After the Ethiopian Airlines crash, should the 737 Max be grounded worldwide?

Is it safe?
Is it safe?
Image: Reuters/Jason Redmond
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On Sunday, an Ethiopian Airlines Boeing 737 Max 8 crashed, killing all 157 people on board. Coming just months after a Lion Air plane of the same Boeing model crashed within minutes of taking off from Jakarta, killing 189 people, the aircraft has now been grounded by two nations (China and Indonesia) and several airlines, including Ethiopian.

A natural question follows: Should the rest of the world follow suit?

The Boeing 737 Max jet is a workhorse of the commercial aviation industry. There are 350 in operation (paywall), with 5,000 more on order, and airlines from Southwest Airlines to Norwegian Air to American Airlines rely on the model heavily for short- to medium-haul operations.

Two fatal crashes of the same aircraft in the space of five months is highly unusual. And while it is far too early to say whether Sunday’s crash was a result of the same anti-stall mechanism implicated in preliminary investigations into Lion Air’s October crash, there are some similarities. Both crashes happened shortly after takeoff, on newly delivered 737 Max 8s that been in operation for only a few months; and both pilots requested to turn back before the crash occurred.

While officials work to determine the cause, some are questioning whether a worldwide grounding is warranted. While airlines themselves can decide to ground the aircraft (as Cayman Airways, Royal Air Maroc, and Mongolian Airlines have reportedly done) a directive from national aviation authorities could also compel them to (as in China and Indonesia), as could a directive from the manufacturer, Boeing. In the wake of the Lion Air crash, the US’s aviation authority, the FAA, issued an air worthiness directive in November which instructed operators on how to train crew to deal with the fault.

Understandably, passengers are concerned, with comment sections and social media full of people wondering whether they should cancel or reschedule flights on the aircraft—or urging others to do so.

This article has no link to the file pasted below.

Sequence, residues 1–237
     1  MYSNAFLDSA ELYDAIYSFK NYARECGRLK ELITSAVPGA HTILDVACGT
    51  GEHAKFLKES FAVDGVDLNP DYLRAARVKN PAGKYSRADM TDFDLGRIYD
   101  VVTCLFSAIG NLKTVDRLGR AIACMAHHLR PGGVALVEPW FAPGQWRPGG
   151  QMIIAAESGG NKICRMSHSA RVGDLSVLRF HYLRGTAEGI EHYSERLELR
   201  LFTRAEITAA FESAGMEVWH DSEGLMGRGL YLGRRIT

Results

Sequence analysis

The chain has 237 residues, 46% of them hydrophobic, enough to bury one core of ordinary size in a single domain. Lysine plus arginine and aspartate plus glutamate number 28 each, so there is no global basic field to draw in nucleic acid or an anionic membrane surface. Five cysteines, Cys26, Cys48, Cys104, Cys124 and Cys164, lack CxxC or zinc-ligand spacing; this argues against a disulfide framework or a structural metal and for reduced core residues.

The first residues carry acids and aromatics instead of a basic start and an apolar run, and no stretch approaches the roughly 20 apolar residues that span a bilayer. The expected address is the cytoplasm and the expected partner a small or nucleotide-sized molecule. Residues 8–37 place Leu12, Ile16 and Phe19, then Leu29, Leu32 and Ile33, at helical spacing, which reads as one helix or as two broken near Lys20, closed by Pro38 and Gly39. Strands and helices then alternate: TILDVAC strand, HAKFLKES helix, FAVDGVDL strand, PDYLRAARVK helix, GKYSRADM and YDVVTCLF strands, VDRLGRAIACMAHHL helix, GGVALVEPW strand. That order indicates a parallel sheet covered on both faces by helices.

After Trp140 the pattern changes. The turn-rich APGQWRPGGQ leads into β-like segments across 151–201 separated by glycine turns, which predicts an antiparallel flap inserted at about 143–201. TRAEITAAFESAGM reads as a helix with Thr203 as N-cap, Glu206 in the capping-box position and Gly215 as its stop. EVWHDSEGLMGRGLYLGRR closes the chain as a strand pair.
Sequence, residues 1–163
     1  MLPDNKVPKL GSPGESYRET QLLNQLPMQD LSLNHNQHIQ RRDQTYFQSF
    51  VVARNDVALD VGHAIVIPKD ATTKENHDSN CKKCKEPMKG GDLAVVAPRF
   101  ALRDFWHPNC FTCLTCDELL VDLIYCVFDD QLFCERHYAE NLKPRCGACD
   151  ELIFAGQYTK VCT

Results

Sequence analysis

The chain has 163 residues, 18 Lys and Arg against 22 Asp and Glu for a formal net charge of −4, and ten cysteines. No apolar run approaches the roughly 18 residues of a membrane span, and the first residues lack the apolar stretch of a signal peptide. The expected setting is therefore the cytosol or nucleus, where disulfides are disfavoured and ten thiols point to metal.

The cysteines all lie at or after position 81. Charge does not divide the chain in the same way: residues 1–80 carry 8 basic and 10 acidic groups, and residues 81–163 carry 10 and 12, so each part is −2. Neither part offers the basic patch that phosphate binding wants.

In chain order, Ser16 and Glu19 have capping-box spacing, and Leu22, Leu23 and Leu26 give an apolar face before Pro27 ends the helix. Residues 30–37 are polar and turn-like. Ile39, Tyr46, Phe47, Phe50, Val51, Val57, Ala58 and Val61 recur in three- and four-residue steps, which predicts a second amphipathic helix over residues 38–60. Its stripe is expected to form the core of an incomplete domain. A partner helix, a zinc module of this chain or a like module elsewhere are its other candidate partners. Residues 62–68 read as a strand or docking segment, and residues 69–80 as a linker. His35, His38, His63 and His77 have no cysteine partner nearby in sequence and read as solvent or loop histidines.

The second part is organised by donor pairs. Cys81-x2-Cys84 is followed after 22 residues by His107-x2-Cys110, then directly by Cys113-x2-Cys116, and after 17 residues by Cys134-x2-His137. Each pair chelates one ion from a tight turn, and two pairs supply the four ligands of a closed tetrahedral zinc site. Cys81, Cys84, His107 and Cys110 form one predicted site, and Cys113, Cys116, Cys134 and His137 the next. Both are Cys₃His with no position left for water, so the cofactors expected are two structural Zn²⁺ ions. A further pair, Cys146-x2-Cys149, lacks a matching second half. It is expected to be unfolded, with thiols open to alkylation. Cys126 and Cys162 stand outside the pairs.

Richard Aboulafia, an aviation analyst at the Teal Group, an aerospace consulting company, told Quartz that a worldwide ban on the aircraft might be premature, “but the regulators and airlines might err on the side of caution, particularly since we could see a reaction by the public against flying on the plane.” He added that though a fleet-wide grounding would not be unprecedented—the DC-10 and Boeing 787 fleets have been grounded before—the “numbers would be unprecedented” in the event of a worldwide grounding of the 737 Max 8, due to the model’s prevalence in the industry. It would also wreak havoc on airline schedules and balance sheets.

The FAA told Quartz that it is “closely monitoring developments” and investigating the crash alongside the US National Transportation Safety Board and Ethiopian officials. As the FAA certified the American-made 737 Max, a decision from the agency to ground the plane would likely have international implications. Bloomberg noted that a “U.S.-ordered grounding of an entire model of aircraft is extremely rare and in the past has typically not occurred so soon during an investigation when few details are known.”

Southwest, which has 34 Max 8 planes, issued a statement saying it is in contact with Boeing and is following the investigation closely. For now, the airline says it remains “confident in the safety and airworthiness of our fleet of more than 750 Boeing aircraft.”

This post has been updated with information about groundings in Morocco and Mongolia.